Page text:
At the start of every year, digital marketers like to look around and see what the industry sees as trends for the year. This allows us to keep up to date with the latest in digital techniques as well as catering to the ever-changing needs of internet users.
Here are my top 5 tips I’m backing this year in the race to relevancy.
2019 saw a huge push towards ‘authentic’ writing. Talks at conventions around the world waxed lyrical about users craving human connections through authentic and transparent copy.
2020 will see an evolution of this as online searches become increasingly commonplace. Searching something is often the first reaction and users have started approaching it in a colloquial, conversational manner.
Now, it’s important to remember that conversational copywriting doesn’t mean using slang and contractions. Don’t compromise the style of your brand, stick to your format.
For example, if you’re offering legal advice, use a professional tone.
If your services are aimed at young families then stay away from slang that won’t resonate with young parents.
Instead, when writing a piece, be sure to think about the questions users may have and how they would occur in a spoken conversation. This will help you find the cadence of your article, highlighting the parts that require more focus.
Position Zero (Rich Snippets)
Google’s interface has changed over the last few years with the introduction of snippets and sidebars saving you time loading up a full web page. Tomas Ratia describes this change as the ‘Answer Economy’:
“It is impossible to deny the emergence of the ‘Answer Economy’. With over 50% of Google queries resulting in no clicks, it is clear that Google is not only evolving into an answer engine, but also a walled garden. Consumers increasingly expect fast, specific answers to their questions, whether on mobile or smarter speakers. Creating content that ranks on Google will require marketers to adopt a question-driven content strategy.”Tomas Ratia
Google has become the result itself and while it’s not possible to get page views from snippets it’s well-worth writing content to occupy Position Zero.
There are several ways to write for SERP’s top position.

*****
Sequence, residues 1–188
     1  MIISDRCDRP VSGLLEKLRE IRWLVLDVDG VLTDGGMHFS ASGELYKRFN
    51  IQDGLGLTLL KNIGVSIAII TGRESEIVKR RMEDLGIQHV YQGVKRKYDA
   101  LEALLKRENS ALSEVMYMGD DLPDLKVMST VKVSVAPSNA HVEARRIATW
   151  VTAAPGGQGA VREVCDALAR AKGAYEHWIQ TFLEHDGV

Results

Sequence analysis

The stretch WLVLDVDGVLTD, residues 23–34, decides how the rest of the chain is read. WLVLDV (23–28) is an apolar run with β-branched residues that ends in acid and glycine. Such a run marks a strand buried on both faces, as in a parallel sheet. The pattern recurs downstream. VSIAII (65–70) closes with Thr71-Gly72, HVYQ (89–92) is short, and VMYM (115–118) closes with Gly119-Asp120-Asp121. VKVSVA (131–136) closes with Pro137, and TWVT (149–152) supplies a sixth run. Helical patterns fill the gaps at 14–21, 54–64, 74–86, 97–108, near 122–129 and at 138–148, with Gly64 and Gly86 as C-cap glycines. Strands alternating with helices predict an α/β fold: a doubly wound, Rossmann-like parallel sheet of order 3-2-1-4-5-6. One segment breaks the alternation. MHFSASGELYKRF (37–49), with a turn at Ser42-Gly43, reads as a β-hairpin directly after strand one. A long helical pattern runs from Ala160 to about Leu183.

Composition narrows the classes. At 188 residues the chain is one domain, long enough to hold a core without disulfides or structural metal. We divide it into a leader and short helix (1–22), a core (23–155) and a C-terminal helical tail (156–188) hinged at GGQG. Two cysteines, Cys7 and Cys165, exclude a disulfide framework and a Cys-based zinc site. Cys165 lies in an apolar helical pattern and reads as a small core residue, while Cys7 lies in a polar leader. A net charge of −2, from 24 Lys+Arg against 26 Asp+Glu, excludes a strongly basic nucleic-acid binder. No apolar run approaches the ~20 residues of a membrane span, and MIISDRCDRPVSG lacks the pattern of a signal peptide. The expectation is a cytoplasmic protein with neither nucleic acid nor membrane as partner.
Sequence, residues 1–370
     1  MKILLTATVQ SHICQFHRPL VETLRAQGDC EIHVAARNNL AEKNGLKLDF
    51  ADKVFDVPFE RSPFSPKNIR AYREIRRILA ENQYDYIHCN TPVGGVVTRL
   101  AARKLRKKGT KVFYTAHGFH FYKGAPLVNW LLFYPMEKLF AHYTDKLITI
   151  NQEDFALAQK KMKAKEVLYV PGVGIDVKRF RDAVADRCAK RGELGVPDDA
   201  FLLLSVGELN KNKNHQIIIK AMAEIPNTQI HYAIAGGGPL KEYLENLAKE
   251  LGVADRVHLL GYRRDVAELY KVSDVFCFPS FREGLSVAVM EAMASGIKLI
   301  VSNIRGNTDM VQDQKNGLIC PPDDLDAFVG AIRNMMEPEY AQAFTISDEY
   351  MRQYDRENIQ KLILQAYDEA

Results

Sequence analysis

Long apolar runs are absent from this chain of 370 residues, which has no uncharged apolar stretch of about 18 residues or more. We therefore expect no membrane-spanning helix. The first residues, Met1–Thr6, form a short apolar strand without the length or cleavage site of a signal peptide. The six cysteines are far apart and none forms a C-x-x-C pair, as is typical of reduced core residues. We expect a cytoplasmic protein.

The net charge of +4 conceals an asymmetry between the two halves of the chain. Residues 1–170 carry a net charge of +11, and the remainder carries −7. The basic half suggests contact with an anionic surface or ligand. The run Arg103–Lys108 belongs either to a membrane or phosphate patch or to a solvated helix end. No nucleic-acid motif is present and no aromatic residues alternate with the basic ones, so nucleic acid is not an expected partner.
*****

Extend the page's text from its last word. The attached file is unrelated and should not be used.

The easiest ways are answers to Who, What When, How and Why questions, terminology, definitions and how-to articles. These types of articles are crawled by Google and used anytime someone is looking for a quick answer.
Stick to natural, conversational language and this content could double as a voice search answer.
Once, you’ve figured out how to reach the top spot, it’s important to get visitors to your site. This is where in-depth articles and guides come.
A good article, just below the Position Zero is likely to capture the interest of the user and lead them down the funnel more effectively.
Writing Copy for Voice Search
Voice search has been at the forefront of search for a few years now and this doesn’t look likely to change.
According to Google, voice search makes up for 20% of all search. This is a huge segment of the market so writing copy that doubles as results for voice are integral to longevity.
To reach this market you need to communicate your message quickly, and effectively.
The average user only needs voice search when multitasking. This can be anything from checking the weather while getting dressed to asking about a recipe while cooking.
Users will ask for information in one of four ways.
- Information – These questions ask for general information about a topic and can be varied.
- Navigation – These questions ask for specific places and areas and represent someone who is already considering a product or service.
- Investigation – These questions ask for reviews, ratings and other information regarding a product or service. This can make or break the movement down the funnel.
- Transaction – These questions are all about the sale. Price, availability, delivery and other transactional information.
When writing copy it’s important to think about these questions and answer them in the body of your text. The more rounded your article, the more opportunities there will be for users to access your information, site or brand.
Play to Your Strengths
Last but not least is topical authority. This practice is one of playing to your strengths and knowing demographics.
For example, if I’m searching for ‘easy dinner recipes’ and articles pop up from BBC Good Food and Bloomberg, chances are I’m going to go with Good Food.
Good Food is renowned for food and recipe ideas and I’m more likely to trust and stay on their site.
Make sure you understand your market and demographic. Don’t write around a topic just because it’s in vogue or will catch you keywords. Write meaningful copy that enriches your brand and user experience. Do this and your authority will shoot through the roof.